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Japanese Traditional Craft Resource Center Category


Japanese Traditional Craft

Craft Category Metal Work
Name Echigo-Sanjo Uchi Hamono: Echigo-Sanjo Blade

Main Production Site:Niigata

In the Sanjo region (central part of Niigata Prefecture, Central Japan), people produced farm tools like "Kama (sickles)" and "Kuwa (hoes)" from the Middle Ages. They built mentoring relationships, improved existing items and worked to brush up their skills through the production of "Wakugi (Japanese nails)" as a side business during agricultural off-season.

Then, they developed their blacksmithing skills to handcraft such tools as "Hocho (knives)", "Nata (hatchets)", "Nomi (chisels)", "Kibasami (gardening shears)", "Kiridashi Kogatana (small blade knives)" and "Masakari (axes)."

Artisans in this region have kept their unique system until now where they even produce tools necessary for the production on their own. This is because they have also produced "Yattoko (Tetsuhashi or pincers)", a tool needed for producing blades, by fully using their skills of free forging.

The group of products which are rarely worn down and made from the user's perspective is famous all over the country. Its one-of-a-kind quality can't possibly be achieved overnight but only by artisans' techniques which have been passed on for generations.

It takes many years to master the techniques of smithery. Facing steel and fire again and again, and hitting the steel to fix distortions at the micro-level. By repeating this seemingly simple process, always with an inquiring mind and tireless passion, they came to be called "artisans" and their techniques have been handed down until today.

The various groups of products made by its modeling techniques were designated as a traditional handicraft by the Minister of Economy, Trade and Industry in 2009.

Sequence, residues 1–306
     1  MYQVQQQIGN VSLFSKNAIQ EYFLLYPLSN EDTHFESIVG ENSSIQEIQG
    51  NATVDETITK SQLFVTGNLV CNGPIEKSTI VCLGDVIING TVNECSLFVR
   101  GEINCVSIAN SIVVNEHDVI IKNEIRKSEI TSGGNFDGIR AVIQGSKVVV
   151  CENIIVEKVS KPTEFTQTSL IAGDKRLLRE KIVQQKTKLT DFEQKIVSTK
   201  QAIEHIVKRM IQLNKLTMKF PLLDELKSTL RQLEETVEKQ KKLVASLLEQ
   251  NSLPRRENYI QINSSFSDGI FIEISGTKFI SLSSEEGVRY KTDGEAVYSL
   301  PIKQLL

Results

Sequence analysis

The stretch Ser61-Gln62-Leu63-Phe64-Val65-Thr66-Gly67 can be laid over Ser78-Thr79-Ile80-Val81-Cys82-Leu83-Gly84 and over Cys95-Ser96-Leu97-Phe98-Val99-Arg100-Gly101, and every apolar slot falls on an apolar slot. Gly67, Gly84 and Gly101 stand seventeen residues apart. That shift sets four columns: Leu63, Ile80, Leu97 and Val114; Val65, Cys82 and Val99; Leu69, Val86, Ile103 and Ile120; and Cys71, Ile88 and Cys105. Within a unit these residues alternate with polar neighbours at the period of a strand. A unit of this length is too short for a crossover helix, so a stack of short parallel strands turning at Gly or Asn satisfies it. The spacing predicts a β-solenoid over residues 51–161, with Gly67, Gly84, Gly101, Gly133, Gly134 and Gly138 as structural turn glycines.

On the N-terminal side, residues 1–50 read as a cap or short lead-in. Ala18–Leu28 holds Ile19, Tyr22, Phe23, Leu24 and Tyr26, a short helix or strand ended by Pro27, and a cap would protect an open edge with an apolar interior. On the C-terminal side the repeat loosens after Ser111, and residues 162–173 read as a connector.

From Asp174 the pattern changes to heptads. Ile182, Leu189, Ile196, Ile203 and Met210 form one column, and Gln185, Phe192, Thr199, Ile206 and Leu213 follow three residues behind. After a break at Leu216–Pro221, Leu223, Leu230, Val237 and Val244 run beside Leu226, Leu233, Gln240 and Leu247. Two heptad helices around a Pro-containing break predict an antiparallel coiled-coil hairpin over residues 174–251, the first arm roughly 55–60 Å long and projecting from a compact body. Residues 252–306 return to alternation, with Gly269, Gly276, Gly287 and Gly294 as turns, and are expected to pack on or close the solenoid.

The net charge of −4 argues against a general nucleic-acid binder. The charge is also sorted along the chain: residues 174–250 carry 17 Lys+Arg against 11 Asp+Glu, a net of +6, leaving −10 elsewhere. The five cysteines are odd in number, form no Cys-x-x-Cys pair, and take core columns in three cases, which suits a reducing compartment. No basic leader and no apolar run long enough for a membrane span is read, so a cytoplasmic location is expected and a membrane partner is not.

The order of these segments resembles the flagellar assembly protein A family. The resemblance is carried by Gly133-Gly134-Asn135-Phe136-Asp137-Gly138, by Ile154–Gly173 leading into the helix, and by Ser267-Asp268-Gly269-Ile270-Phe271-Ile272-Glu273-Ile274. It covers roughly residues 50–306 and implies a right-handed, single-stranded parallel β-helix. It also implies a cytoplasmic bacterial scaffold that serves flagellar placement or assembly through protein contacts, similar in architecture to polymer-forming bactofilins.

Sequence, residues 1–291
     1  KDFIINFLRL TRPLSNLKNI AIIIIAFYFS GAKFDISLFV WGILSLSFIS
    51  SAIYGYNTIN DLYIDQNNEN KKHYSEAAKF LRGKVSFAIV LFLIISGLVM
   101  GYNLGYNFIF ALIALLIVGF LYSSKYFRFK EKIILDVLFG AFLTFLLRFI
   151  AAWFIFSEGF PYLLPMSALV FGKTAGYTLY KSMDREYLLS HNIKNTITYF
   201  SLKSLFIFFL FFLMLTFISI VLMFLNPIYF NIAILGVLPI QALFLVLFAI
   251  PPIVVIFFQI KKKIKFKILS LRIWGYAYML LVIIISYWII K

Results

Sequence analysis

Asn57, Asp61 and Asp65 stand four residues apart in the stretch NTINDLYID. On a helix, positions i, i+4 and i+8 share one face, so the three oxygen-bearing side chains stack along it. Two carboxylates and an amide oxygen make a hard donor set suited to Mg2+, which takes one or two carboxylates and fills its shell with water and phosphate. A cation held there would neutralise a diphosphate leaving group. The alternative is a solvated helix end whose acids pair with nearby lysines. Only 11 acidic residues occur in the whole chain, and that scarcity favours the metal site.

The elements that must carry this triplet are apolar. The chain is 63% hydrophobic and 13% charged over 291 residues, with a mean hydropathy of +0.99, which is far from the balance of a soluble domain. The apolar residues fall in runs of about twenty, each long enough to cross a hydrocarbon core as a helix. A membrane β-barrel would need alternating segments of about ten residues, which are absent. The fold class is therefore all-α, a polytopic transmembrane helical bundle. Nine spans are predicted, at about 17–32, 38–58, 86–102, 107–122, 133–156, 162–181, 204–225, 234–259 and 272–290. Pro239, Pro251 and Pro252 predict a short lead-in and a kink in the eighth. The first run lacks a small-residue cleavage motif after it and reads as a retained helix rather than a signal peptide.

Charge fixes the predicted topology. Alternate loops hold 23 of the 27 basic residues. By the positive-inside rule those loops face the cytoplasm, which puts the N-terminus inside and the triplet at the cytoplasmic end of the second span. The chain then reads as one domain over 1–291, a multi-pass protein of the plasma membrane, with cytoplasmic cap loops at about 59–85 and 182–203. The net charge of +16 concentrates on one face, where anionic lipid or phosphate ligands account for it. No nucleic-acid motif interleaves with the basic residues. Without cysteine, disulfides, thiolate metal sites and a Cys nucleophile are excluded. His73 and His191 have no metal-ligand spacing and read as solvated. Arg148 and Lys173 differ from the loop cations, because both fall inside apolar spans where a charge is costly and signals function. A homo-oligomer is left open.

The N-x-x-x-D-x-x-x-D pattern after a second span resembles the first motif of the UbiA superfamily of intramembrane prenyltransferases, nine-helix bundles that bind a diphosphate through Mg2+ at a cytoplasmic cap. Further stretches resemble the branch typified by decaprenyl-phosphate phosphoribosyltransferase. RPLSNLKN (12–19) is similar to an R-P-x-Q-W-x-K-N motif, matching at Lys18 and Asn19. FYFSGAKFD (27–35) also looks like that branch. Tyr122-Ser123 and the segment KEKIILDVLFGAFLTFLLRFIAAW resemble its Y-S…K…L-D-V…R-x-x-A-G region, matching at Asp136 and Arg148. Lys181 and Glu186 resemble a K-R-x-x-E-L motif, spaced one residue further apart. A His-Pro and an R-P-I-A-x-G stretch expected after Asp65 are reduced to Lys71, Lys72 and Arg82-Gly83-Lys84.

[National government of Japan designated traditional handicraft (Designated by the Minister of Economy)]
Information provided by: Sanjo Kaji Dojo

Translation by: Shione Furuta, reviewed by Marie Mine

Materials Iron, steel, etc.
Crafting Processes The products are manufactured through dozens of processes by manual labor. It takes a lot of time to complete a product to make the best of the beauty of the materials.

[1] Welding
To make a cutlery, iron (for body) and carbon steel (for blade) are heated in a forge and welded with borax (jointing material) by beating with a hammer and pressuring on them. It is very difficult to control temperature throughout this process and the process needs to be done with great speed thus requires a high level of skill.

[2] Forging
The artisan re-heats and re-hammers the blade to shape it (called hizukuri, smith forging), in order to avoid grinding it. It is a process which requires years of experience and sense.

[3] Quenching
In the process of quenching, the cutlery is immediately cooled by coating mud. Quenching is the process used for the Japanese swords and done to increase the toughness of the blade.